So far, the answer seems to be ‘No’. Most of the electric PV launches have been snapped up by taxi fleets, though Tata Motors managed to break the Rs10-lakh psychological barrier with its Tiago EV earlier this year. Then MG came out with the two-door Comet EV aimed at the young urban buyer.
EVs constitute just about 1.5 per cent of the total passenger vehicle market, and estimates are that it will go up to 10 per cent by the turn of the decade. “As infra for EV charging gains pace coupled with incentives to manufacturers under the PLI scheme, there is bound to be increased adoption of EVs in the future,” said Menon of SIAM.
More importantly, majors like Maruti Suzuki believe that multiple technologies will coexist, like CNG, biofuel and ethanol blends, along with electric. Green hydrogen is another big focus area. “While electrification is one part of exploring alternate fuels, the internal combustion engine will (continue to) exist,” said Kapur of ACMA.
After a few tough years, automobile sales are booming again. Yet, there are concerns. The two-wheeler market is yet to recover, hinting at continued distress in the purchasing power of rural Indians. This could get aggravated if the monsoons are delayed or diminished. But in a changing world, pivoting to face circumstances, somehow, seems to be an Indian hallmark.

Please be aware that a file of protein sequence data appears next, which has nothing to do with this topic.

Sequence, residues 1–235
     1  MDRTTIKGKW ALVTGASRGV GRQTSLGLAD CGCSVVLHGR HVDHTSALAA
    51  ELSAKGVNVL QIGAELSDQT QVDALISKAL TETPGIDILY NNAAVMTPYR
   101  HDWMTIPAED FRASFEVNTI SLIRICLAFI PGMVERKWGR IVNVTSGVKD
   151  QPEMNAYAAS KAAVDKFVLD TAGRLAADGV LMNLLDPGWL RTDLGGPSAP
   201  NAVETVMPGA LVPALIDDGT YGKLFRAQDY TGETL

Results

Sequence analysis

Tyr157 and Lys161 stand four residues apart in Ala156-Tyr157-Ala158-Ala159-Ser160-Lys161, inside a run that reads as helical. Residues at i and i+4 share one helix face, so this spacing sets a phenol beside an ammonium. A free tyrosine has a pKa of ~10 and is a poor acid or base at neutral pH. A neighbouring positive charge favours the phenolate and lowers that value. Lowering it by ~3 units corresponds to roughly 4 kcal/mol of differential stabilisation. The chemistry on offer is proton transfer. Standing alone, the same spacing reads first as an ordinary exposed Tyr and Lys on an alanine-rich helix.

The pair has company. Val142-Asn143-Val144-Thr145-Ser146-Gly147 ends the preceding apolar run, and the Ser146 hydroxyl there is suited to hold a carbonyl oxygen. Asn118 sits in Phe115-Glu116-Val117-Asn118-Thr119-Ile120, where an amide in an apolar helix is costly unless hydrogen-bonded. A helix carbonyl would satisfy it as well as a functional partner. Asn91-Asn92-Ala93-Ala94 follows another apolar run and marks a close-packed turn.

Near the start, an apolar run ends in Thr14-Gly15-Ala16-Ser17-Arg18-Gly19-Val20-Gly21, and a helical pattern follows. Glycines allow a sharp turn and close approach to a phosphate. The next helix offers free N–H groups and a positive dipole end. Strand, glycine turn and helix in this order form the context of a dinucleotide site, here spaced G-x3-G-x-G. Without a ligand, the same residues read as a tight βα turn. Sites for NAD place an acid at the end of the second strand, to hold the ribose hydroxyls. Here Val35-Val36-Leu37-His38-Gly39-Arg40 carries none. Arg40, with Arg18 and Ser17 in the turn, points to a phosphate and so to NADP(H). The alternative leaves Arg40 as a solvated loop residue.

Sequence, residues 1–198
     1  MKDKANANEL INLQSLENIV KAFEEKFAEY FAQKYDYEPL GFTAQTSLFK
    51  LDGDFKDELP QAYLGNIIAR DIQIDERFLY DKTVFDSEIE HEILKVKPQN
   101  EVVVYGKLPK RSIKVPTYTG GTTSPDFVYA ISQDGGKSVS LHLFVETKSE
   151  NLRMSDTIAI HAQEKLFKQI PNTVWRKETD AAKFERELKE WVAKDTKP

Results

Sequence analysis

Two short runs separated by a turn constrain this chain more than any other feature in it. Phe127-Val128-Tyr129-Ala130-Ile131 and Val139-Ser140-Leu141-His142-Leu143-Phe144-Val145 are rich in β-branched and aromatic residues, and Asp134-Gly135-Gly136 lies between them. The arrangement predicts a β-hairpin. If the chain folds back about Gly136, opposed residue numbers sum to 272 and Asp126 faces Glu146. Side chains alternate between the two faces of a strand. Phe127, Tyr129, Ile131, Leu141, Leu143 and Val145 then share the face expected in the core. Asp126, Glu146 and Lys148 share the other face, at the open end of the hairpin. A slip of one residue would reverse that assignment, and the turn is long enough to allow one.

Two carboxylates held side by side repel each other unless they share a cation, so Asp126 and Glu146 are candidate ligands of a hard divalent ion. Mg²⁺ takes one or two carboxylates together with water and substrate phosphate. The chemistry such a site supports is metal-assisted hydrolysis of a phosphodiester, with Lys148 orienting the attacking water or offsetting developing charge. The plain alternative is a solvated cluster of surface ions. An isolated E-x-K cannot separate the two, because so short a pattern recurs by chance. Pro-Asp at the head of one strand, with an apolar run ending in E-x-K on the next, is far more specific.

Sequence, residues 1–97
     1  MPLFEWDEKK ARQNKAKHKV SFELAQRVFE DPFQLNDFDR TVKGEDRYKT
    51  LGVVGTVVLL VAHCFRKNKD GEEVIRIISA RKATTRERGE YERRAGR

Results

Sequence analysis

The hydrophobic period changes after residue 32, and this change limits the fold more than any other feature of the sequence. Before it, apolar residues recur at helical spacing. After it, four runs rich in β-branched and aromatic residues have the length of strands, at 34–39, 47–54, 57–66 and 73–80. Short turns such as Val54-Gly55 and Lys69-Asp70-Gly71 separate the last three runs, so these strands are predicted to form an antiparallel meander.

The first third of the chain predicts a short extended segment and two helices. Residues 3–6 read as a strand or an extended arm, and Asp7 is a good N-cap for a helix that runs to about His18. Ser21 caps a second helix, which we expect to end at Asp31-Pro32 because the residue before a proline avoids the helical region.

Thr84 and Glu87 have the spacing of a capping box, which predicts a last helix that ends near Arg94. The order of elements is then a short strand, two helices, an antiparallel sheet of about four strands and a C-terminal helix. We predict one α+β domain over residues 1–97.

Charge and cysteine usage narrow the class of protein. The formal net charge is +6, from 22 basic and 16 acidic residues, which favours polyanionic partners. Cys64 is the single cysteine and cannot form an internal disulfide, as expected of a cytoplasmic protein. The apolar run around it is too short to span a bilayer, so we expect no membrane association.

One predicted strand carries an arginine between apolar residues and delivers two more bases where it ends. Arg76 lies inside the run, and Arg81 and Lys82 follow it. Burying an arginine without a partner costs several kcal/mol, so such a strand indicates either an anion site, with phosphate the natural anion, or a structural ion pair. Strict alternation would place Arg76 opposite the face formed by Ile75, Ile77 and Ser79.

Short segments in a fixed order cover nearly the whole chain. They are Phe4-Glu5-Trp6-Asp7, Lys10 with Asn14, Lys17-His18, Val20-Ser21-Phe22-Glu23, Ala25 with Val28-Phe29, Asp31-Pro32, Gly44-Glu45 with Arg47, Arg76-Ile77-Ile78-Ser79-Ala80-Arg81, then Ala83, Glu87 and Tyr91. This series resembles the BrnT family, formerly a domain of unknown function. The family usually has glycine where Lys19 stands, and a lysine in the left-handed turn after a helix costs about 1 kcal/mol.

“The challenges are the opportunities,” said Kapur. “In a world where everyone is going electric, it’s almost like a level playing field again. So everyone has got an opportunity!”
MARUTI SUZUKI JIMNY
Price: Rs10 lakh
Sporty and masculine, the Jimny will be part of Maruti’s push into the SUV segment, along with Fronx. Jimny will take on the Mahindra Thar in the 4x4 off-road segment and will be crucial in Maruti's shift to SUVs.
Price: Rs6 lakh
With front and rear dash cameras, sunroof and all connected features, don’t mistake the Exter for your smartphone! Hyundai has realised the need to protect and strengthen its UV portfolio, and this compact SUV loaded with features is a crucial link. And possibly a price point the young Indian car buyer will love.
Price: Rs11 lakh
Honda has had a chequered ride in India. It did come out with models in the UV segment like the CR-V and the BR-V, but the timing could have been better. It is now making its biggest bet ever on the Indian car market with Elevate, which will take on the mighty Creta and Seltos.
Launched in May
Price: Rs35 lakh
Volkswagen tasted blood in the Indian market last year with the Virtus, when it took a gamble of betting on sedans when the entire market focused on SUVs. With the 2023 edition of the Tiguan, which has loads of features aided by intelligent technology, it is back for more.
AUDI Q8 E-TRON
Launching: Around Diwali
Price: Rs1.02 crore
The German luxury carmaker will make a major push in its EV strategy for India with the Q8 E-tron. With better charging and battery capacity, not to mention the luxury class comfort and improved aerodynamics, will this revolutionise the high-end segment’s move to electric?